/ new to MTB and need some advice re servicing bike

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birdman - on 20 Aug 2012
Hello all,

I'm relatively new to mountain biking, been doing it off and ono for a couple of years, but one thing that is massively lacking is my mechanical knowledge.... it took me 45mins to change a tyre a few months ago :-(

My bike needs a bit of a service and was wondering if anyone had any good beta on websites that show you how to service etc, i've considered looking on youtube for DIY servicing, is this any good or does it need to be bike specific?

Cheers,

Tim
Horse on 20 Aug 2012
In reply to birdman:


This is a good resource:

http://www.parktool.com/blog/repair-help/tag/Maintenance

There are some good videos on YouTube, and some rubbish ones search for the thing you want to do, for example bleed brakes, change bottom bracket etc and add in the particular make of component although most are generic. You may need specific tools for some things.
adep247 - on 20 Aug 2012
Frank4short - on 20 Aug 2012
In reply to Horse: I'd echo what Horse has said. Park tool also have a fairly complete and up to date repair book which is handy too. Also worth checking out the late great Sheldon Brown's site http://sheldonbrown.com/repair/index.html If you're particularly clueless, which your post seems to indicate, though I wouldn't presume as much myself, it may be worth trying to find an amateur mechanics 1 day training course. This might cost you a few quid but will no doubt save you money in the long run.
Hephaestus - on 20 Aug 2012
In reply to Frank4short:
> it may be worth trying to find an amateur mechanics 1 day training course. This might cost you a few quid but will no doubt save you money in the long run.

Considering the 45mins to change a tyre, +1 for this advice.

Most bike maintenance is pretty simple but it can be fiddly. You will end up spending some frustrating evenings getting stuff right by trial and error, anyway, so best to get the basics set first.
birdman - on 20 Aug 2012
In reply to Hephaestus:

Cheers for the advice. I'm not normally a mechanic mong, but it had been about 18yrs since my dad taught me how to change my tyres when i was about 10 yrs old, so the memories were somewhat rusty. You were definitely right about things being fiddly!

I'm pretty certain once i see how it's done i'll be ok, but for anything more complex i'll probably look at one of those mechanic sessions.

gingerdave13 - on 20 Aug 2012
In reply to birdman: i found that my skills with replacing a tyre, tube and doing puncture repair rapidly increased with the number of punctures i started having..
MHutch - on 20 Aug 2012
In reply to birdman:

What needs doing on your bike, do you think?

I was totally intimidated by the technical stuff when I started, and made a few cock-ups along the way, but there are only a couple of things I won't attempt now, and even those are starting to look approachable.
sparra - on 20 Aug 2012
In reply to birdman:

there's a load of good maintenance videos from Evans Cycles too - http://www.youtube.com/user/evanscycles/videos

Worth paying for a basic maintenance course from your local bike shop too, good value and a fun day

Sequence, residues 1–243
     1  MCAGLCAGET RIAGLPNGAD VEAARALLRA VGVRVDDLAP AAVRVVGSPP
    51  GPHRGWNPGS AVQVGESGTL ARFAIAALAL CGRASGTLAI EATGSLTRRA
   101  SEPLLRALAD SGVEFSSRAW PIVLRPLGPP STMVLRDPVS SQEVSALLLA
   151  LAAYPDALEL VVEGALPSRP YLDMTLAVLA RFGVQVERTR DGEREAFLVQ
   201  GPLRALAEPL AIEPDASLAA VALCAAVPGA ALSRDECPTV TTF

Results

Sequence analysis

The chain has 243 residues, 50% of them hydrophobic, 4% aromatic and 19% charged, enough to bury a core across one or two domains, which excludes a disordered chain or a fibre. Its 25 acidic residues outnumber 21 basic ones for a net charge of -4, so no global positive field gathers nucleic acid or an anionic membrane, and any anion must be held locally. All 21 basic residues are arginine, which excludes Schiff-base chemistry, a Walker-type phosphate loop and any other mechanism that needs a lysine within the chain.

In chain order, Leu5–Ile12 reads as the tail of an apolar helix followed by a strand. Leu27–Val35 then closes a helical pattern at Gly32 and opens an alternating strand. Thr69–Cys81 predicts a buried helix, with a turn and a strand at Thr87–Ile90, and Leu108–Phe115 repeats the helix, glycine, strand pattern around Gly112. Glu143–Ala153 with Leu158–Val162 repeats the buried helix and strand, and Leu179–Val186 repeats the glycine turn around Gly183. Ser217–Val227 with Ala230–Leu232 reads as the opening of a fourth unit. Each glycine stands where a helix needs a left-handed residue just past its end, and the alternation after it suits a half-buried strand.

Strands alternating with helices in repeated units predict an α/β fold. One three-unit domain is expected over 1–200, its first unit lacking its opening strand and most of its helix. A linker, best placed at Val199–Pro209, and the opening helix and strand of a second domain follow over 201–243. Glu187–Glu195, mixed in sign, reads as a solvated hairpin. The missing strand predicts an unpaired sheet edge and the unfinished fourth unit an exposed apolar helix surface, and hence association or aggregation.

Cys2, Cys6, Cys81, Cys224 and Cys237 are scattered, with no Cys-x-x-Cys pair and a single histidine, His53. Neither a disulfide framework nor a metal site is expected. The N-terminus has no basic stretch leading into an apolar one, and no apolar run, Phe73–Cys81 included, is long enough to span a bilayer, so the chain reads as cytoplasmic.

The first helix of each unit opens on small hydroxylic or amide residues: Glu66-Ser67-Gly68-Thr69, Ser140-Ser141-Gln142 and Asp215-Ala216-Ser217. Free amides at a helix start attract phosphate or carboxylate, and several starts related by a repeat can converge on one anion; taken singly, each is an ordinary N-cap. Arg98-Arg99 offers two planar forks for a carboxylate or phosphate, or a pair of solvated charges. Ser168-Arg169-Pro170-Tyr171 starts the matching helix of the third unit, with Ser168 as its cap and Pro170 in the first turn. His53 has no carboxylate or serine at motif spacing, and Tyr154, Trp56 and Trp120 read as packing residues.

shumidrives - on 20 Aug 2012
In reply to birdman: Somethings will depend on the parts you have on your bike as well. For example, I bled the hydraulic disc brakes on my communter no problem at all just following instructions I found on the internet from a New Zealand mountainbiking website! They are Shimano, but on my MTB I have Hayes brakes and realised what a load of hassle it is to bleed them. You need all sorts of extra bits and bobs to do it which I've never bought.
highclimber - on 20 Aug 2012
In reply to TobyA:
> (In reply to birdman) I have Hayes brakes and realised what a load of hassle it is to bleed them. You need all sorts of extra bits and bobs to do it which I've never bought.

you must be doing it wrong as I have hayes brakes and they are incredibly easy to bleed and the only part you need is a little plastic bleed nipple that screws into the master cylinder and even then you can get away with a 50ml syringe.

to the OP: check out singletrackworld and register as it's a wealth of information as if you aren't sure of something, you can ask a question on the forum and have a reply very quickly.
In reply to highclimber:

> you must be doing it wrong as I have hayes brakes and they are incredibly easy to bleed and the only part you need is a little plastic bleed nipple that screws into the master cylinder

Could be, they're quite an old model. But basically, the bleed nipples weren't available in the country I live when I looked into it and as I remember it you needed to buy a bleed kit which was reasonably pricey. Fortunately the brakes still work perfectly OK, if with a bit more pull than needed than I normally favour.
highclimber - on 20 Aug 2012
In reply to TobyA: if you can get some plastic syringes and some 3mm tubing, you can bleed most brakes with very little else.
Horse on 20 Aug 2012
In reply to TobyA:

For future reference you can get reasonably priced kits here:

http://www.epicbleedsolutions.com/products/bleed-kits/

ads.ukclimbing.com
In reply to Horse and highclimber: shall look into both options. Thanks dudes!

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